Weekly/Fortnightly Poetry Suggestions

Short Poetry Collections, Short Story Collections, and our Weekly Poetry Project
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msfry
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Post by msfry » June 22nd, 2019, 7:33 am

I could BC this sometime.
https://en.wikisource.org/wiki/Stops_of_Various_Quills/Hope

HOPE , by William Dean Howells

We sailed and sailed upon the desert sea
Where for whole days we alone seemed to be.
At last we saw a dim, vague line arise
Between the empty billows and the skies,
That grew and grew until it wore the shape
Of cove and inlet, promontory and cape;
Then hills and valleys, rivers, fields, and woods,
Steeples and roofs, and village neighborhoods.
And then I thought, "Sometime I shall embark
Upon a sea more desert and more dark
Than ever this was, and between the skies
And empty billows I shall see arise
Another world out of that waste and lapse,
Like yonder land. Perhaps—perhaps—perhaps!"⁠
Michele Fry, CC
"The joy of a mind made up is a potent cordial." ~ Henry Van Dyke
Looking for contributions to these themes:
Love Stories #3
Dreams Collection #2
Coffee Break Collection #28 - HOBBIES

KevinS
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Post by KevinS » July 21st, 2019, 9:00 am

Binsey Poplars

felled 1879

My aspens dear, whose airy cages quelled,
Quelled or quenched in leaves the leaping sun,
All felled, felled, are all felled;
Of a fresh and following folded rank
Not spared, not one
That dandled a sandalled
Shadow that swam or sank
On meadow & river & wind-wandering weed-winding bank.

O if we but knew what we do
When we delve or hew —
Hack and rack the growing green!
Since country is so tender
To touch, her being só slender,
That, like this sleek and seeing ball
But a prick will make no eye at all,
Where we, even where we mean
To mend her we end her,
When we hew or delve:
After-comers cannot guess the beauty been.
Ten or twelve, only ten or twelve
Strokes of havoc unselve
The sweet especial scene,
Rural scene, a rural scene,
Sweet especial rural scene.

BY GERARD MANLEY HOPKINS

https://www.poetryfoundation.org/poems/44390/binsey-poplars

I could find another source, if need be.

A challenging poem in the reading, I think. It would be interesting to hear how others interpret this. (And I love the word 'unselve.')
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KevinS
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Post by KevinS » July 21st, 2019, 9:02 am

Oh, the accent on 'só' is Hopkins at work in his way. It can be ignored.
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leanneyauyau
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Post by leanneyauyau » August 8th, 2019, 4:54 am

Have we done this?

Dulce et Decorum Est
BY WILFRED OWEN

Bent double, like old beggars under sacks,
Knock-kneed, coughing like hags, we cursed through sludge,
Till on the haunting flares we turned our backs,
And towards our distant rest began to trudge.
Men marched asleep. Many had lost their boots,
But limped on, blood-shod. All went lame; all blind;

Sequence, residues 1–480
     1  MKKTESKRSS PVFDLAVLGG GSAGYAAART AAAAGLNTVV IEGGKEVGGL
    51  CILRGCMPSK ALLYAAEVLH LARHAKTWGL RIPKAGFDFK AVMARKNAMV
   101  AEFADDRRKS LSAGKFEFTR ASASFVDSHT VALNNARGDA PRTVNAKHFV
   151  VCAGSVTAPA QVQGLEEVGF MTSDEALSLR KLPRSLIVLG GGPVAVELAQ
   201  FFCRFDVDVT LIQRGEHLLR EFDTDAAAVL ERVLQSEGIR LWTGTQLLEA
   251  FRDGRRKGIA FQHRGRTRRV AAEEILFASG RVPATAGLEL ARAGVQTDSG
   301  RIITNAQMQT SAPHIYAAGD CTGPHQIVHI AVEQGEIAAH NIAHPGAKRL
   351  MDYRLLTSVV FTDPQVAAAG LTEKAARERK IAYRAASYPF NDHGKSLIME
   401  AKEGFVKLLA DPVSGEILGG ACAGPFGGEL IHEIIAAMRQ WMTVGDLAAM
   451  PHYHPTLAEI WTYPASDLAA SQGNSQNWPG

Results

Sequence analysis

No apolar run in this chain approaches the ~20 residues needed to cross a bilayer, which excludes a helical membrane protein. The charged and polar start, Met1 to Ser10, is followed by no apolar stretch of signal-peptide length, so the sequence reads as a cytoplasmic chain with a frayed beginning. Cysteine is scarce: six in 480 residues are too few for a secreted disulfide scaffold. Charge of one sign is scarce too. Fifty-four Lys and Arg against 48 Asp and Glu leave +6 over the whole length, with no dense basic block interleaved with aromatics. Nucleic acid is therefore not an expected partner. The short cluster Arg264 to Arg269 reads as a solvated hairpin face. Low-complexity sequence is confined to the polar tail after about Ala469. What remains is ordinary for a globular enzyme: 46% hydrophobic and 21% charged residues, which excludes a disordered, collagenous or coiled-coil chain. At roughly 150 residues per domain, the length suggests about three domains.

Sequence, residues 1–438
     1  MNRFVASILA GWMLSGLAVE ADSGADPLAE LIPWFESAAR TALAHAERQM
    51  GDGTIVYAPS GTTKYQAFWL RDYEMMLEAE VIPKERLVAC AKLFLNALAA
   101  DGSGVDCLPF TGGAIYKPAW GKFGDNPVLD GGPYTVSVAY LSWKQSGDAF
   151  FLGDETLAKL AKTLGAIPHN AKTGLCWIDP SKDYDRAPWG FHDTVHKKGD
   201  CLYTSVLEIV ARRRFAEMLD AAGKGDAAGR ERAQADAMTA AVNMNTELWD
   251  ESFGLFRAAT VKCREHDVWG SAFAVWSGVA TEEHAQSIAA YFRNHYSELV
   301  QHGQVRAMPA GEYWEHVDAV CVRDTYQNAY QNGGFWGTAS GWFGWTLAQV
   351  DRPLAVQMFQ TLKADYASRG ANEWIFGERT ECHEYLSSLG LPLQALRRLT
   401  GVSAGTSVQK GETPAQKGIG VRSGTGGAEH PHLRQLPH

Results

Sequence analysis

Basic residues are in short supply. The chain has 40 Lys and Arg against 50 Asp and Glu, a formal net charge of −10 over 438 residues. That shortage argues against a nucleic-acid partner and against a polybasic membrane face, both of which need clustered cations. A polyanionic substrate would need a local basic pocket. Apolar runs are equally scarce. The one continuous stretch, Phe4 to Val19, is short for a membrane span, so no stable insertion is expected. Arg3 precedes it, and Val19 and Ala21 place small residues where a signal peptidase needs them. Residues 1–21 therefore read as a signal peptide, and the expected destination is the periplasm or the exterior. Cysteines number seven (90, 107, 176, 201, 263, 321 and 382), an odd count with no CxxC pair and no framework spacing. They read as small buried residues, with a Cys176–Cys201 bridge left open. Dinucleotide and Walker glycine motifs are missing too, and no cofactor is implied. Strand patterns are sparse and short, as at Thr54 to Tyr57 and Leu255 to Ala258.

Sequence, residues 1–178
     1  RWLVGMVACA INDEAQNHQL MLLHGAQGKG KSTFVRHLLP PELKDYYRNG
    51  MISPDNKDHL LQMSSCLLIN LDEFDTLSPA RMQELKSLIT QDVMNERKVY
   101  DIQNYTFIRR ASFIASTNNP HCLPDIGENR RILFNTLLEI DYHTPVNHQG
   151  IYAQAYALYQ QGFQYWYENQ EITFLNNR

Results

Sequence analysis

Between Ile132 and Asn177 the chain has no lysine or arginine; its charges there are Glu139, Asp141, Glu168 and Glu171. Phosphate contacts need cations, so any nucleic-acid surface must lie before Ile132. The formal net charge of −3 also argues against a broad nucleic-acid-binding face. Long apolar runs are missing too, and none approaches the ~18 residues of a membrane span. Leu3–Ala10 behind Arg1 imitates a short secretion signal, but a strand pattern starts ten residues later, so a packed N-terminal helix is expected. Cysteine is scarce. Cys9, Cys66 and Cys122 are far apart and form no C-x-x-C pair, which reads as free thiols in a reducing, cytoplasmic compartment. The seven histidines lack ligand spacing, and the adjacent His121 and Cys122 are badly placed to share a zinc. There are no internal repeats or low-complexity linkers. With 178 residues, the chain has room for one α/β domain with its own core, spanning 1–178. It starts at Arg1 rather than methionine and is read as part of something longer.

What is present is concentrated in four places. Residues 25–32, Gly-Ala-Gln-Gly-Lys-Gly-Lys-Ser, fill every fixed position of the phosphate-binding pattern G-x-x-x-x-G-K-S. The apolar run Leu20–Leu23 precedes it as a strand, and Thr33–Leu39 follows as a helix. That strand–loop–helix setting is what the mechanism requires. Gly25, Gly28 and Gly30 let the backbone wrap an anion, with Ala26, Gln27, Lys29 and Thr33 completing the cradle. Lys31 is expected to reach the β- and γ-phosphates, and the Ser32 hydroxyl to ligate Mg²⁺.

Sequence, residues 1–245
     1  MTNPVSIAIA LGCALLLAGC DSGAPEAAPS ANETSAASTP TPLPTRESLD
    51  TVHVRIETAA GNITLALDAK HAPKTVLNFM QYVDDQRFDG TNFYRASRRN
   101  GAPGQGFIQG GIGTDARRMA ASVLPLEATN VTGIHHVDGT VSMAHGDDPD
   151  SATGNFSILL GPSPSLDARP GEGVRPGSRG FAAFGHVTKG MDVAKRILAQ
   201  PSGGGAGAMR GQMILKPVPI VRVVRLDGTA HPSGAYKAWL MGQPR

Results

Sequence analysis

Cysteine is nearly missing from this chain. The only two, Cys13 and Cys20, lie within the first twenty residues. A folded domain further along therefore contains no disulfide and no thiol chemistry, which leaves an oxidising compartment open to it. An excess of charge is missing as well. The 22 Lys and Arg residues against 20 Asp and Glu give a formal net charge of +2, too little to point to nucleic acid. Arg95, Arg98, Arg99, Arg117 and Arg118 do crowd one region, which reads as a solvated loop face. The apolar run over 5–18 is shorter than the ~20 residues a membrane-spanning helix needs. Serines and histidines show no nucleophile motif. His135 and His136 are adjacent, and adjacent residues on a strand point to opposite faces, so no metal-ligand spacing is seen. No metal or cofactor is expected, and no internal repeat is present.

Drunk with fatigue; deaf even to the hoots
Of gas-shells dropping softly behind.

Gas! GAS! Quick, boys!—An ecstasy of fumbling
Fitting the clumsy helmets just in time,
But someone still was yelling out and stumbling
And flound’ring like a man in fire or lime.—
Dim through the misty panes and thick green light,
As under a green sea, I saw him drowning.

In all my dreams before my helpless sight,
He plunges at me, guttering, choking, drowning.

If in some smothering dreams, you too could pace
Behind the wagon that we flung him in,
And watch the white eyes writhing in his face,
His hanging face, like a devil’s sick of sin;
If you could hear, at every jolt, the blood
Come gargling from the froth-corrupted lungs,
Obscene as cancer, bitter as the cud
Of vile, incurable sores on innocent tongues,—
My friend, you would not tell with such high zest
To children ardent for some desperate glory,
The old Lie: Dulce et decorum est
Pro patria mori.
Leanne (leanneyauyau) :9:
my librivox page | website | fb page

TriciaG
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Post by TriciaG » August 8th, 2019, 5:24 am

Mussolini's speeches thru 1923: LINK
Samuel Smiles Self-Help: Character
Hatfields & McCoys: An American Vendetta

msfry
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Post by msfry » August 8th, 2019, 6:31 am

leanneyauyau wrote:
August 8th, 2019, 4:54 am
Have we done this?

Dulce et Decorum Est
BY WILFRED OWEN
You can always find out by putting the title or author in the search bar on the home page. Yes, it's been done in a Poetry Weekly back in 2008, and 10 more times in various collections!!!!!
Michele Fry, CC
"The joy of a mind made up is a potent cordial." ~ Henry Van Dyke
Looking for contributions to these themes:
Love Stories #3
Dreams Collection #2
Coffee Break Collection #28 - HOBBIES

msfry
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Post by msfry » August 8th, 2019, 7:37 am

Here's one I could BC sometime. Published in 1881

Ina D. Coolbrith
Fruitionless

Text Source: https://www.bartleby.com/248/967.html

AH! little flower, upspringing, azure-eyed,
The meadow-brook beside,
Dropping delicious balms
Into the tender palms
Of lover-winds, that woo with light caress,
In still contentedness,
Living and blooming thy brief summer-day: —
So, wiser far than I,
That only dream and sigh,
And, sighing, dream my listless life away.

Ah! sweetheart birds, a-building your wee house